This game was nominated for the Game of the Year back in 2007 and imagined a couple of very unique mechanisms which caught the eye of the gaming world. One of those ideas has been used fairly frequently since in games such as Tokaido and Patchwork.
In this game you are archaeologists travelling around Europe looking to obtain knowledge about 5 historical sites and use it to try and dig for ancient artifacts to put on shows in the classiest joints around town. In this game you have 2-3 years (depending on # of players) to do this. The actions you take cost time, better actions cost more time and the player on turn is the one who is furthest behind on the time track. They will keep taking turns till they overtake someone on the track, who will then take turns and so on (this is the one copied by Tokaido et. al.)
There are 3 main actions that you can take:
- take a card form the pool of 4 cards. They give you knowledge to help you dig (more about that later), the ability to travel quicker as well as a host of other abilities. Each card has a time cost as well as a location which you have to move to to take it, which also costs time. Managing your time is a huge part of the game (and life I’ve been told).
- take part in a dig. This is where you put all that knowledge to good use. Each of the dig 5 locations is represented by a bag. In that bag are a bunch of artifact tiles worth a variety of points, joining them in there are a large quantity of dirt (tiles, not literal dirt, gamers are way too anal to cope with dirt in their games), worth between 0 and 0 points. Each player has a very groovy time/knowledge wheel calculator thingamejig. They input their knowledge and the wheel tells them how much time they can spend to pull tiles from the bag. Lots of knowledge means you can spend less time to pull a lot of tiles and vice versa. When you take the tiles, you keep the artifacts…and the dirt? You throw it back in the bag, so later excavations at the site have a poopier good stuff to bad stuff ratio, bummer man.
- put on a show. If you have the right combination of pretty things, you can put on shows to impress your peeps for points. Everybody loves old, shiny stuff right?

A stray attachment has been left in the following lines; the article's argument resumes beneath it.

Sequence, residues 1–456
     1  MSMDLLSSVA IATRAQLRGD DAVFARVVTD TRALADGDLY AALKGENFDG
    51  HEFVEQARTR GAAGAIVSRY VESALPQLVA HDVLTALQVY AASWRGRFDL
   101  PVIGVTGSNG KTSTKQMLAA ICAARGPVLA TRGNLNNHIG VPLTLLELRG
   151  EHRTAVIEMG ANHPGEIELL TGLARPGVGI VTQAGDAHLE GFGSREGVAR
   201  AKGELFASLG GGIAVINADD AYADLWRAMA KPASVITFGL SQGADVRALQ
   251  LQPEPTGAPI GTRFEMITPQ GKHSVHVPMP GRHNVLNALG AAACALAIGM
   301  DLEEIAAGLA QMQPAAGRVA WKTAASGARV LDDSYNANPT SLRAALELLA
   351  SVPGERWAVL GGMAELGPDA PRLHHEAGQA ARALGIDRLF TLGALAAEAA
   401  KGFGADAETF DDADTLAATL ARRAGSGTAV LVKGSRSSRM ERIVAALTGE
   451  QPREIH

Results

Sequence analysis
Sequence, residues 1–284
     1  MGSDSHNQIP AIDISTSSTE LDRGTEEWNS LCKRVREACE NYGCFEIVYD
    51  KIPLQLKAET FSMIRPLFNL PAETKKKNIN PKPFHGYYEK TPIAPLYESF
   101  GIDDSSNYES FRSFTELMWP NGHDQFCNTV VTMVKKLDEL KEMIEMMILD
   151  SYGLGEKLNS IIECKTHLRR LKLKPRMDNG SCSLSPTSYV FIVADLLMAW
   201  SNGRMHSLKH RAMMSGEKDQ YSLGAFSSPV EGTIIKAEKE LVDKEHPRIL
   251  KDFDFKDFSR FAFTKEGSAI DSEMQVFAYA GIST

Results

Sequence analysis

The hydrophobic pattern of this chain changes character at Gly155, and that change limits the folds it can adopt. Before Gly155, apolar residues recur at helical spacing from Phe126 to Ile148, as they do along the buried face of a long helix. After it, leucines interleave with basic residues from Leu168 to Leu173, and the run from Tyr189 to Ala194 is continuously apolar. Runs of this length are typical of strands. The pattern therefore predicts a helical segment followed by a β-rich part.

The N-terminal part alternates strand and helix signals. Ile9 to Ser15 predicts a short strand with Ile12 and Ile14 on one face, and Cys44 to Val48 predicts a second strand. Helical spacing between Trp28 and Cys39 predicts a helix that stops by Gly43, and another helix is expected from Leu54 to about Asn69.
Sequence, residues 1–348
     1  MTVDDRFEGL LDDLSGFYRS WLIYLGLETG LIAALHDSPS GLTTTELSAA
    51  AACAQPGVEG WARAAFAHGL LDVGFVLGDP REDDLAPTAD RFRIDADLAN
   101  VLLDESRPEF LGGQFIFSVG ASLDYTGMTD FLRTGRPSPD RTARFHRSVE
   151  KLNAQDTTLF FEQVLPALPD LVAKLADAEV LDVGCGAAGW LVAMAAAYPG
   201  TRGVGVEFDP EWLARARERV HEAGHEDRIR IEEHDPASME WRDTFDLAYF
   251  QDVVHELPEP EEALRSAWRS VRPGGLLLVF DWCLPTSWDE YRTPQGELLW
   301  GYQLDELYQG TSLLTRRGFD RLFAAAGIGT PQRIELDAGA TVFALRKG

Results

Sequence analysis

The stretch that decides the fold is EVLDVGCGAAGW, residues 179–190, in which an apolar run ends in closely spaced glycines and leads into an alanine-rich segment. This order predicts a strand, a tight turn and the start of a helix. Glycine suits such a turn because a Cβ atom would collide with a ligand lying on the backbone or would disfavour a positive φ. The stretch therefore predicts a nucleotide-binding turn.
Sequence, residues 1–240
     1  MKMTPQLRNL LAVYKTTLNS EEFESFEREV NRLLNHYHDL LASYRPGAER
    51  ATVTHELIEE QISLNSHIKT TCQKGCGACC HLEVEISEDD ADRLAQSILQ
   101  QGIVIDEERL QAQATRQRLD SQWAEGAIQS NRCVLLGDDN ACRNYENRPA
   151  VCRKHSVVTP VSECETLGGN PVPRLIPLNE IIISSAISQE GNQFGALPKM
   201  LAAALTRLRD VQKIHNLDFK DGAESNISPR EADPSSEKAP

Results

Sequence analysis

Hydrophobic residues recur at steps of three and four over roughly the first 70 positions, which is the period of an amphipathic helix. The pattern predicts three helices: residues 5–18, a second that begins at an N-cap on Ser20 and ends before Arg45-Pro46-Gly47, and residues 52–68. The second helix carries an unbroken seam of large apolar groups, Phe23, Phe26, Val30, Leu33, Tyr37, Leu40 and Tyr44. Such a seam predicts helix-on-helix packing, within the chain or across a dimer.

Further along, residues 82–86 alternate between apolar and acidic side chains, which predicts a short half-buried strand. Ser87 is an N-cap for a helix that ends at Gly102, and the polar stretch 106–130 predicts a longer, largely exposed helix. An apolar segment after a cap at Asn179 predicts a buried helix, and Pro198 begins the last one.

Keep going till everyone runs out of time. Most points wins. That’s it. It’s really a pretty simple and fun game. So why have most of you never heard of it?
Well, like many things in life, luck and timing are a factor. There are a lot of games in this world and you often need the right set of circumstances to rise to the top, but I think that bag draw, which in many ways is a brilliant mechanism hurt the game. Luck is great in some ways, but in others it can wind you up like a watch. Serious gamers can easily get their knickers in a twist and when they put all that thought into a game only to lose because of some bad bag pulls. And when they get mad they write bad reviews. Yes, that can be infuriating if you go into this game with the attitude its a more serious game than it is. It is a family game though, and should be treated as such. The nice thing about this game is that you can play with your kids (10+) or your non-serious gamer friends and try your best and still lose even though you are in general a better gamer than them. You’ll still win more often than not, but you don’t have to tone it down so you don’t crush them and make them never want to play with you again. Not only that, the components are amazing, that wheel is so cool and in my opinion the bag draws are exciting. Its hilarious when someone draws a big pile of dirt and exciting when you get a haul a great artifacts. So, suck it up and smile when the reverse happens to you, its all part of the fun of the experience. Many games in this world have fairly pasted on themes, but not this one. It goes all out to try and capture that feeling of archaeological exploration (I imagine anyway, having never archaeologically dug before).
Its in our library and available to try, so lets dust it off and give it some love again.